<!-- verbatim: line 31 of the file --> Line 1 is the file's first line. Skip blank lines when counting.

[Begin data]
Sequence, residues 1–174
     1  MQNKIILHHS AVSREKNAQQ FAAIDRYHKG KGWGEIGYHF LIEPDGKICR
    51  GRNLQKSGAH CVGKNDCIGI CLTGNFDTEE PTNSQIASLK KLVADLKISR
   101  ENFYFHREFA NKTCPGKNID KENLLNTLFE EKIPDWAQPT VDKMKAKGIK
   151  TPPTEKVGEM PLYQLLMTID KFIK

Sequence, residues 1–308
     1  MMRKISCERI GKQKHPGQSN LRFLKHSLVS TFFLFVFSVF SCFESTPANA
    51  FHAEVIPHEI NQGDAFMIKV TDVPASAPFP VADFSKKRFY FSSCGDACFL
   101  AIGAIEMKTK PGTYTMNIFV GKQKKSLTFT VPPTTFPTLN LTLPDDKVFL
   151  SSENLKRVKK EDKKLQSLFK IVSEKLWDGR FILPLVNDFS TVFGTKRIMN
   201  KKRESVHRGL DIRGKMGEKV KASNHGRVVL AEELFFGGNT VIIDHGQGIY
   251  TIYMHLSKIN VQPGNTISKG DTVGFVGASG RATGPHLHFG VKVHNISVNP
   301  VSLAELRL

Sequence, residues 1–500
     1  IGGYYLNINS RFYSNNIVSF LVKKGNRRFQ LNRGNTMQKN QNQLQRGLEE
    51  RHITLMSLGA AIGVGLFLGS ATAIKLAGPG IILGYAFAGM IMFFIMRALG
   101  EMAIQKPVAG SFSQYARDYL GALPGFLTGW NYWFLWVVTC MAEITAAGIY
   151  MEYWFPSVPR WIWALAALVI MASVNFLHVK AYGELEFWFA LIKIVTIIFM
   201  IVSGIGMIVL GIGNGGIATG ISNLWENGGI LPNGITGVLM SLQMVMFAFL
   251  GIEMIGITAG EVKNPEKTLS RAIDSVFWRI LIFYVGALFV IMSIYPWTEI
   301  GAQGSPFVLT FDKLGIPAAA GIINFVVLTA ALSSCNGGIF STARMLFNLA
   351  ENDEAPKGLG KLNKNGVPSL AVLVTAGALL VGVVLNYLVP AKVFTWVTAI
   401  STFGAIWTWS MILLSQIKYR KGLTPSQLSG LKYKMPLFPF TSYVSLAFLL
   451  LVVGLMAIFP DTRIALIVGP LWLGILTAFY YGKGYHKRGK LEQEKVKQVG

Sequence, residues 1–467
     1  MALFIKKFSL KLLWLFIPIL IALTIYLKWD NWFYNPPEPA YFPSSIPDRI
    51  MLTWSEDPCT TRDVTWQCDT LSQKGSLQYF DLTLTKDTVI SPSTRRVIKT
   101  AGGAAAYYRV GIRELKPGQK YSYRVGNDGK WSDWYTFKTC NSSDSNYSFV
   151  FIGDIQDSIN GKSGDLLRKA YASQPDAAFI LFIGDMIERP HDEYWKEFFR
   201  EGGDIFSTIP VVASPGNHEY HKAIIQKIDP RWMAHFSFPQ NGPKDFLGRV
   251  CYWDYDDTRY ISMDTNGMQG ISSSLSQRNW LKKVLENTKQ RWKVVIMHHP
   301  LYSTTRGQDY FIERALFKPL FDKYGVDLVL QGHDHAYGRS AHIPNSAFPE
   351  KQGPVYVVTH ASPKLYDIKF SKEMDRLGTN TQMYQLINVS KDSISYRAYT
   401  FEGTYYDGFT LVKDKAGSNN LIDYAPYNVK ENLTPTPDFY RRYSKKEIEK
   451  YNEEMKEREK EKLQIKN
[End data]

   251  CYWDYDDTRY ISMDTNGMQG ISSSLSQRNW LKKVLENTKQ RWKVVIMHHP